If you are son or daughter of a prominent figure you might be better off going for a tinkle before you show your biceps to some poor security guard.
No matter how right you were, you be deemed the guilty party.Never argue or fight with people below your level of gray matter.Don't expect a security guard to have initiative and uses his own discretion to entertain your wishes.
Minister in the PM Dept Nazri's son was reported to have assaulted a security supervisor here.
(That looks like an expensive Cubano cigar)
It took me back to the past, about three decades ago, when I had to intervene an ugly scene from ensuing between my friend and a club bouncer in Singapore, over a little misunderstanding.Coincidentally, my friend was also a son of a prominent figure in Sabah, no less a chief minister.To cut it short, I reminded my friend that this is Singapore and I am a resident here and lest he forgets his father is not a chief minister here.I was young then but my good sense saved us a night at the police lock-up, me calling my wife to bail me out and worse me picking up a criminal record.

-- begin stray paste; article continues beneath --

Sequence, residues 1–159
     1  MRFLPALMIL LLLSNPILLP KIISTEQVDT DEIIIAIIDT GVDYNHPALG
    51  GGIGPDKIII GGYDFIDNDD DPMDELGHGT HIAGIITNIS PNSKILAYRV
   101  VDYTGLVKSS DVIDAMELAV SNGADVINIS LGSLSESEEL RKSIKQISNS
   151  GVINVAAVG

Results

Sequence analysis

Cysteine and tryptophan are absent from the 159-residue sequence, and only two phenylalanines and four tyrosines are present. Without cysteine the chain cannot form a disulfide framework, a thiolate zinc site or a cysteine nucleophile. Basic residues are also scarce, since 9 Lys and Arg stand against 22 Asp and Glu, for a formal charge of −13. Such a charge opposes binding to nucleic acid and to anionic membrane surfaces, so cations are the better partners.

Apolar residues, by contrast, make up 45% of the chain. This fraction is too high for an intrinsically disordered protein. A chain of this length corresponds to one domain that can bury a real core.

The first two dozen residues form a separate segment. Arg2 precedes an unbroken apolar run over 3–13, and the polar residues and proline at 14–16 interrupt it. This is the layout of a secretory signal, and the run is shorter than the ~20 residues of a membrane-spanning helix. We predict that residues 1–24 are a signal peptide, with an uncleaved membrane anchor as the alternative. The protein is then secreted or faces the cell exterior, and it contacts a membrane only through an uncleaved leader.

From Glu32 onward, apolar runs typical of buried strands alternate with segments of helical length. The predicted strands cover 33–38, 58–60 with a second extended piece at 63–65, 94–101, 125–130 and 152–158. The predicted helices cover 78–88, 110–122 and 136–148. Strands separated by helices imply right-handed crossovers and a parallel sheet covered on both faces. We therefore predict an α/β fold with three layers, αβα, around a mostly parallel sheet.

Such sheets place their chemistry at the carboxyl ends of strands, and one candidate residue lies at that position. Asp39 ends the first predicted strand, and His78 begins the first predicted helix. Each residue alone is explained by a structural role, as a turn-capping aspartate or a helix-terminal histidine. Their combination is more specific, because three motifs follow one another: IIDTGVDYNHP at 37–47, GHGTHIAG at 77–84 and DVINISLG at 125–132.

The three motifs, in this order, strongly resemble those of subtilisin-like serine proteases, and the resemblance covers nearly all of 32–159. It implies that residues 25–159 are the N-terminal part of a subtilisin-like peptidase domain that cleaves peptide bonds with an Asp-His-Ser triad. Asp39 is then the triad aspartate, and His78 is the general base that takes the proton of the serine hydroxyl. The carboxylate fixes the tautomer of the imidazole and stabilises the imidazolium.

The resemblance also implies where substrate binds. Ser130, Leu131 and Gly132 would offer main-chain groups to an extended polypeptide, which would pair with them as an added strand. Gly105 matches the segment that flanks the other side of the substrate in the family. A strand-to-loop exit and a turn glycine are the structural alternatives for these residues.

Let see, why this young man has to travel with bodyguards? Is he trying to show off or he has too may enemies? Are the bodyguards to protect him or protect his expensive toy?
Being a son of a minister one may ask if he is he a successful business man to be able to buy a Porsche, which is an expensive toy to maintain if you don't have a deep pocket.If he is not, than tongues would be waging where he gets the money from.
Top of the range 911 Porsche would set you aside well over RM1.0 million.Not sure which model he claimed proud ownership?
What is it about this kind of people? Do they glean vicarious power from that of their fathers?
For some, it seemed to run in the family.